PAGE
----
* The Solo, as the name implies, holds a single SD card. Iflash also offers the Duo and the Quad, which allow you to use multiple cards and have them show up on the iPod as a single drive. Handy if you want really awesomely large capacities or want to make use of whatever SD cards you have lying around the house.

Note that the iFlash boards call for SD cards. If you want to use a microSD card, make sure you get one that comes with an adapter. I wound up with a 512GB PNY microSD card. It came with an adapter and ran me about $100.

Step Two: This is the hardest part. Apple very much does not want you to open your iPod Classic. I failed completely. A friend of mine who repairs computers failed completely. I finally wound up taking the whole pile of parts to a local Mac repair shop. They opened the iPod, swapped the drive for my Solo+512GB microSD card, and reassembled the device. Best $30 I’ve spent all year.

Step Three: At this point, if all you wanted to do was replace a failing hard drive with and SD card, you’re done. Plug the iPod into your computer, let iTunes format it, and you’re all set.

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Unfortunately, if you wanted to increase the capacity of the iPod, you’ve got more work to do. Take another look at that picture. “127 GB Free”. What happened to the rest of my 512GB?

Well, back in those long-ago days, operating systems couldn’t easily deal with drives larger than 128GB. There were some tricks available (hence that 160GB iPod Classic), but they were very limited.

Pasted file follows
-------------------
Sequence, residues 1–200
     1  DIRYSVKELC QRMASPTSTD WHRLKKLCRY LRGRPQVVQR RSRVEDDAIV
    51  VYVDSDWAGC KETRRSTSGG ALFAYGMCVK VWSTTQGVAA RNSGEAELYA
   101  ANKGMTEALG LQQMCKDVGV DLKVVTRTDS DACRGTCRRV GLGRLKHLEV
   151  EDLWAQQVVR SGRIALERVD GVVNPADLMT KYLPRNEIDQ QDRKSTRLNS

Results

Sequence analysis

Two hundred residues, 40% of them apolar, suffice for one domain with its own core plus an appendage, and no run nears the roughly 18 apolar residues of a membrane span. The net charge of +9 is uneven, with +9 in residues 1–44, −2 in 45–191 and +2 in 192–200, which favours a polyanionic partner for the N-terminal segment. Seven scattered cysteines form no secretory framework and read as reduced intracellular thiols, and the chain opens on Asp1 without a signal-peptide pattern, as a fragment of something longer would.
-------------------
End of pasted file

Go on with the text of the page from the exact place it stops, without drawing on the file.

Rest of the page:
So, to take advantage of that new space, you have to replace Apple’s iPod software with something more modern. Like Rockbox. Specifically, Rockbox for the iPod Classic.

Let’s extend our steps a bit.

Step Four: Install Rockbox. It’s easy. Plug in the iPod to your computer, download and run the installer. Whoops, forgot a step.

Step Three Point Five: Rockbox doesn’t recognize the Macintosh disk format. So you need to use iTunes on Windows to format the iPod. Launch iTunes, plug in the iPod, and say “Yes” when iTunes asks if you want to initialize the iPod.

Okay, back to Step Four. You can take the defaults on the installer. Select your iPod and follow the prompts. You will have to reboot the iPod at one point, but don’t worry, the Rockbox installer will tell you when to do it and how.

Once Rockbox is installed, you’ll see this:
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Yup, still only seeing 128GB. That’s because we have to reformat the iPod to use the entire SD card. So, on to

Step Five: This is the tricky bit. The iPod needs to be formatted in FAT32*. Unfortunately, Windows won’t let you format a drive larger than 32GB in FAT32. There are a number of programs that will let you get around that restriction. Google is your friend here. Or use a Mac and choose “Windows (FAT)” as the format.

Don’t worry about what these names mean. They’re just different ways to lay out the data on a drive.

    1. Using Windows File Explorer or Mac Finder, copy the folder “.rockbox” from the iPod to your desktop. This folder is where Rockbox stores its configuration. Without it, your iPod won’t boot to the point of being able to play music.
    2. Format the iPod.
    3. Copy the “.rockbox” folder back from your desktop to the iPod.

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Ta-da! (Let’s not go into why a 512GB SD card only gives you 462GB of storage.)